During the ensuing depression the Royal York Hotel managed to stay open and it is said that management scoured the street for guests and staff had to live off tips. A radio station opened at the hotel in 1930 which remained open until 1936. Its call letters were CPRY (for “Canadian Pacific Royal York”). Even more surprisingly, the hotel had a fully operational hospital complete with an operating theatre, two wards, a nurses’ room, a dispensary, a consulting room and waiting rooms.
A key event happened in 1934 when John Labatt, famous entrepreneur and beer industry magnate, was kidnapped and dropped off three days later, tired yet unharmed, at the Royal York Hotel. King George VI and Queen Elizabeth I (the Queen Mother) came to stay in the hotel in 1939. Naturally, royalty has been part of the Royal York Hotel ever since its inception.
Tragedy unfolded in 1949: fire broke out on the cruise ship Noronic which was moored at Harbourfront, just steps away from the hotel. 118 people were killed in this disaster. The Royal York became a field hospital for the survivors. In 1959 the new 400-room addition opened on the east side of the hotel, including extensive conference and meeting facilities. This 17-story addition made the Royal York Hotel the biggest hotel in the British Commonwealth.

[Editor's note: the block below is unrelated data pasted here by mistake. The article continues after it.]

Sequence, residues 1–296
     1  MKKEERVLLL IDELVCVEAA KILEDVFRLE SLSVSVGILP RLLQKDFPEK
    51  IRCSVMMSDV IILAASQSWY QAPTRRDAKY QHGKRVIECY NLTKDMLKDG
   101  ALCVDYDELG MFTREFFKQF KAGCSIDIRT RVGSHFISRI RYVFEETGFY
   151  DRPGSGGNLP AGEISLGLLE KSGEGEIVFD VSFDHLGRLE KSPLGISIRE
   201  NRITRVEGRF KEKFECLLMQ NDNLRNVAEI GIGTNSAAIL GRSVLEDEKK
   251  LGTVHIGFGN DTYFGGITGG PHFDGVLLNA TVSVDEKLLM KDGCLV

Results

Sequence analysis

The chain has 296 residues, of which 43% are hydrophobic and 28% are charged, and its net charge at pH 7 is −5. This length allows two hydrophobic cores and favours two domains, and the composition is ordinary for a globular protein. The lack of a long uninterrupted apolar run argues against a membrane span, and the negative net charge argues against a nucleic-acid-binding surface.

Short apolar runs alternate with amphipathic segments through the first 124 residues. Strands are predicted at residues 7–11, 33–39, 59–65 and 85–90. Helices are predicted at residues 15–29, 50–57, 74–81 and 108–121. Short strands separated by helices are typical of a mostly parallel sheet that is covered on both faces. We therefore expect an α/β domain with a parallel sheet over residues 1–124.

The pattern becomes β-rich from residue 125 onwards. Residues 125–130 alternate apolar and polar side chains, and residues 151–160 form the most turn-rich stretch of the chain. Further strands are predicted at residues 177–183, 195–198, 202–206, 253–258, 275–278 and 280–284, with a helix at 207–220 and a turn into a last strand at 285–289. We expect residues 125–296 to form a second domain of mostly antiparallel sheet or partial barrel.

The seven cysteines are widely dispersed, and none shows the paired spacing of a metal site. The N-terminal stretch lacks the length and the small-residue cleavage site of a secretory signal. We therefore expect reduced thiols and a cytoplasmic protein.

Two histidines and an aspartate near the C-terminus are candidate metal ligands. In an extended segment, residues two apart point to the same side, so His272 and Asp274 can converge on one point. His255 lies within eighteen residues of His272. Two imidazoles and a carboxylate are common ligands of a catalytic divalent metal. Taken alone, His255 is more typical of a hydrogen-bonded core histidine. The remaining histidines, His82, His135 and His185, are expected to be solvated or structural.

But you would be off the mark if you assume that the hotel only hosts human guests: the 1975 Shriner’s convention not only brought 65,000 human guests to the hotel, but the hotel was also required to take care of all the parade horses as well as a life-sized papier maché camel.
Extensive renovations were carried out in the late 1980s and early 1990s. More than $100 million was invested in order to restore the hotel’s 1920’s glory. In 1976 a celebration was held to commemorate the 90th anniversary of the Canadian Pacific Railway Corporation. Meals were sold at 1886 prices, at 89 Cents for a four-course meal this was even cheaper than when the hotel opened in 1929!